Someday I’ll be rich. Someday I’ll finish school. Someday my kids will be able use the bathroom on their own. Someday I’ll be able to quit my job. Someday my blog will have a million readers. Someday.
I’ve always been told to write my goals down. That is what famous, rich people do with their dreams. The next step is to put your head down and work as hard as possible to attain your goal. Then, when you finally reach that goal- you write down a bigger one and start the process again.
I actually have goals. I write them down and obtain them frequently. However, one thing is missing from the traditional sense of progress. Something is missing when the end goal is all that matters. The notion of miserable sacrifice as a stepping stone to some lofty fictional finish line. Something else is important in life. Often, the process itself is just as valuable as the result. There are plenty of examples in real life where the ride is more fun or important than the journey’s end. In fact, we spend a lot more time in process than we ever will basking in the reflected glory of our final destination. I think it is time to step back, take a breath and enjoy the process of life.
When I was in middle school our class took a week long field trip to Pennsylvania. We went through Virginia and traveled to places like Monticello, Gettysburg and the Hershey Chocolate Museum. The trip was great and I’m sure I had a good time. But, ironically, I actually vividly remember the bus ride on the way there. I remember loading up with snacks, music and my gameboy. I can still remember the songs that were popular and the people I was with. I remember talking to my friends, playing games with girls, messing with people when they fell asleep, and the amazement of having a bathroom and tvs on a bus. I’ll remember the destination but I also enjoyed the process of getting there.
Earlier this year I was discussing with a friend the process of tailgating. I’m a big college football fan and I enjoy going to the games. I also enjoy hanging out with my friends before the game under a tent, playing cornhole, and eating delicious finger food. But what gets most people is the setup. Getting everything prepared, setting up, breaking down, and planning is challenging for some. I too admit at times I’ve complained about this very situation. But I’m learning to draw contentment from being up early on gameday. Enjoying the dew and the fresh cut grass. The peaceful quiet before the storm. I like having a relaxing cup of coffee at the tailgate before the madness begins. I’m working toward enjoying the process.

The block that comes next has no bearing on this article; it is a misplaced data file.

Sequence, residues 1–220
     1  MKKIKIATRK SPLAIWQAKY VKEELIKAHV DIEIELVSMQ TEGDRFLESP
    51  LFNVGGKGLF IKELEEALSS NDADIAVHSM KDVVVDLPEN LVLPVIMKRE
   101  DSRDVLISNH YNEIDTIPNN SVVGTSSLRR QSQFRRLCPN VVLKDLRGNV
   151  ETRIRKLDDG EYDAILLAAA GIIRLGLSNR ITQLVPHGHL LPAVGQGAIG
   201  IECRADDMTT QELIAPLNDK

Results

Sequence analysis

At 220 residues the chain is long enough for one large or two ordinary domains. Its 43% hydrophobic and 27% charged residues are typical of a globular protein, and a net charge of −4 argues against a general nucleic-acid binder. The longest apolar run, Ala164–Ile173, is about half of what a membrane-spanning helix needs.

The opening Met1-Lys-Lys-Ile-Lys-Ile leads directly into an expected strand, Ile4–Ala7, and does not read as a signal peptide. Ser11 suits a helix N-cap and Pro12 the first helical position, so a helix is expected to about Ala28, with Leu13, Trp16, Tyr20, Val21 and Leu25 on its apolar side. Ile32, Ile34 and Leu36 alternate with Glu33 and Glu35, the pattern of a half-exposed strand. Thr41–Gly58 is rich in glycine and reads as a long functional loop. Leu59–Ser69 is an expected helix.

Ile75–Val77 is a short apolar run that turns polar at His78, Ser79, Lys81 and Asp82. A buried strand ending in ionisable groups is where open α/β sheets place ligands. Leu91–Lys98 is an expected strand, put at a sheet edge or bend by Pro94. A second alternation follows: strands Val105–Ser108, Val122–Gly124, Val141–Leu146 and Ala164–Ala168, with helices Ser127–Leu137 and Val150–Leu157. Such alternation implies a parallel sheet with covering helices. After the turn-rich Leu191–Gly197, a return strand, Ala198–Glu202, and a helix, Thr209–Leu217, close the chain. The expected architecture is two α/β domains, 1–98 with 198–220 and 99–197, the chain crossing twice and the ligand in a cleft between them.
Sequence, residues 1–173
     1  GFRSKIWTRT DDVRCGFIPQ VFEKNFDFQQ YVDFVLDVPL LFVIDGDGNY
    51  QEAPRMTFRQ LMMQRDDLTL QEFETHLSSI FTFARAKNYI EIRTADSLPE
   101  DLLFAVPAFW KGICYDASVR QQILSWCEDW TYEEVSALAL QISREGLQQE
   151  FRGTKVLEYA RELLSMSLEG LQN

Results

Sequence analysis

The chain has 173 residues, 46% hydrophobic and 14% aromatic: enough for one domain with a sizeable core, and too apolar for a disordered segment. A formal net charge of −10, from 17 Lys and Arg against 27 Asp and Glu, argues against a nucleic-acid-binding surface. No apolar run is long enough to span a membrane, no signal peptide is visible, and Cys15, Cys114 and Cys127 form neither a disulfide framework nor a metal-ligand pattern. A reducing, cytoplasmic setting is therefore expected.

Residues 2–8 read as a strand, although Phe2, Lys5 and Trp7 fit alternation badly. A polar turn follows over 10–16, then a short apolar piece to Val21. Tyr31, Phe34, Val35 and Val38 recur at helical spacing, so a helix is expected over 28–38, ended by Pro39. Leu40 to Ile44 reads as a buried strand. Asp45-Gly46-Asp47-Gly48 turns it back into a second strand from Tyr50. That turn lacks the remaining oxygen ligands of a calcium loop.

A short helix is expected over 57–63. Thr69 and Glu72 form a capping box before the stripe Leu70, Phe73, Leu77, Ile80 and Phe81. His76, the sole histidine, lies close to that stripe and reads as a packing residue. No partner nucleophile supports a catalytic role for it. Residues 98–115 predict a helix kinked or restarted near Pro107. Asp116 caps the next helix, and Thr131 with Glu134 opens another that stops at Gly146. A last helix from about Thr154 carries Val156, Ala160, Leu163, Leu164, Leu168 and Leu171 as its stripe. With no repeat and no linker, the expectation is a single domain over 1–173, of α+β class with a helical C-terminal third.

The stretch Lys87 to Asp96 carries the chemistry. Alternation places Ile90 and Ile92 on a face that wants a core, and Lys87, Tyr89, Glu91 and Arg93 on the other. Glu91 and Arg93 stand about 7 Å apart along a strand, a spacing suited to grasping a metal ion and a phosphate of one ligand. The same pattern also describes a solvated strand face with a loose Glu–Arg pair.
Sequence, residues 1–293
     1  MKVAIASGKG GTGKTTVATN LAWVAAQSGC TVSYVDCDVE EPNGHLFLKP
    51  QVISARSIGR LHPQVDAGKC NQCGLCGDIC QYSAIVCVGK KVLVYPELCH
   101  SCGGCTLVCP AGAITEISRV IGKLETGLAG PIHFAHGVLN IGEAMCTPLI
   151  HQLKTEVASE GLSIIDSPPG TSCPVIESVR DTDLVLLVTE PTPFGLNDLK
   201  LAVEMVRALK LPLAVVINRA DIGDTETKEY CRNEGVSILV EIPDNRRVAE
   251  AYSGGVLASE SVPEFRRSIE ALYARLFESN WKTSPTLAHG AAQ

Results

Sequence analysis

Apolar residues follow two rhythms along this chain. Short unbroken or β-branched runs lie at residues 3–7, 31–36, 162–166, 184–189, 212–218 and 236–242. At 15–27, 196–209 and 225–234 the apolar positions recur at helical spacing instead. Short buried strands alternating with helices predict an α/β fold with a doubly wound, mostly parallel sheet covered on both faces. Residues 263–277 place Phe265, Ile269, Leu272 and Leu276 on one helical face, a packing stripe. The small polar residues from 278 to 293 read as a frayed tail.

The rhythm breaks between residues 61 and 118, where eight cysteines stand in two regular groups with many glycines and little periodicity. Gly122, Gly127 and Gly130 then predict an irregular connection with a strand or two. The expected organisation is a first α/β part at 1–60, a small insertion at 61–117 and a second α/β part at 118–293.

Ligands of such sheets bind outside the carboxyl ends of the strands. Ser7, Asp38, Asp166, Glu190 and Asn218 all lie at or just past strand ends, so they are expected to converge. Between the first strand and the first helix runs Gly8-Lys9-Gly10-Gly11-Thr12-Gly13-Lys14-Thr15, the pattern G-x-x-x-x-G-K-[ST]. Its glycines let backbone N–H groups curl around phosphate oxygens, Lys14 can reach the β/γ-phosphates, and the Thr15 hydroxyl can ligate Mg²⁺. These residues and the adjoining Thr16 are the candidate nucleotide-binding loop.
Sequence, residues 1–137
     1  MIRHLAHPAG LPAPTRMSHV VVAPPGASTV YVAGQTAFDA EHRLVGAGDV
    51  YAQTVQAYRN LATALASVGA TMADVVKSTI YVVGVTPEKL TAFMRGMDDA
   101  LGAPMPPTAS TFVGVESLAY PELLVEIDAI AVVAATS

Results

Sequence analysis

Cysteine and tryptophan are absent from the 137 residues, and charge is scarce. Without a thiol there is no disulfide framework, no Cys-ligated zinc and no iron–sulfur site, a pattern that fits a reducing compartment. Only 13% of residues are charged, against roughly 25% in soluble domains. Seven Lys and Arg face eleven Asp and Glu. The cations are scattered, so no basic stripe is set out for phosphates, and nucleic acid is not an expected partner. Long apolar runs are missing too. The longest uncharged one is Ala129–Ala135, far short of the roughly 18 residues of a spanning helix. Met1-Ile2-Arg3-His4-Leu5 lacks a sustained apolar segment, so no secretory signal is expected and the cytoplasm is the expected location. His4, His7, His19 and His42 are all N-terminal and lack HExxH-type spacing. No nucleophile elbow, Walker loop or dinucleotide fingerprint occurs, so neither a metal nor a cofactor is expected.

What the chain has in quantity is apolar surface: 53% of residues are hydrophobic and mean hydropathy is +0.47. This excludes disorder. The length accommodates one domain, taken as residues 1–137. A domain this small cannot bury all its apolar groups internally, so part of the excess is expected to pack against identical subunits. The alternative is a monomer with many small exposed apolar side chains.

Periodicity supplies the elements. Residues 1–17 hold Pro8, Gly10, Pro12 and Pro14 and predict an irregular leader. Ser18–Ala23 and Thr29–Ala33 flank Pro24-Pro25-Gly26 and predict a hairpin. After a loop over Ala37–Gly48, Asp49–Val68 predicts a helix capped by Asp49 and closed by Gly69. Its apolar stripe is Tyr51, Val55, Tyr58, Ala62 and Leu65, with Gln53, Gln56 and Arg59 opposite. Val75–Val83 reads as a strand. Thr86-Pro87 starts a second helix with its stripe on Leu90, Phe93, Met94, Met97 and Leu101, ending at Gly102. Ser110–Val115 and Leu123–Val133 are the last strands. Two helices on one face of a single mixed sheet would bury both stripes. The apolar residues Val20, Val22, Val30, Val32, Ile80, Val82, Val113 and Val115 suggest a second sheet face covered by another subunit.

I also enjoy riding my bike. I ride it all around town and enjoy the feeling I get having the wind blowing all around. I don’t ride very often for ‘exercise’ and most of my riding is simply getting from place to place. At times I catch myself just wishing I was there. I need to step back and enjoy the ride. I should be happy that I can actually ride a bike. Be happy that I’m physically able. Be happy that I’ve got enough time margin to be relaxed. To be content with the fresh air and slow pace. I’m working toward enjoying the process.
I can’t wait until I’m 10. Then I’ll be able to play with the big boys. I can’t wait until I’m 16 and I can drive on my own. If only I was 18, I wouldn’t have to listen to my parents anymore. Man, if I was 21 all of this would be legal.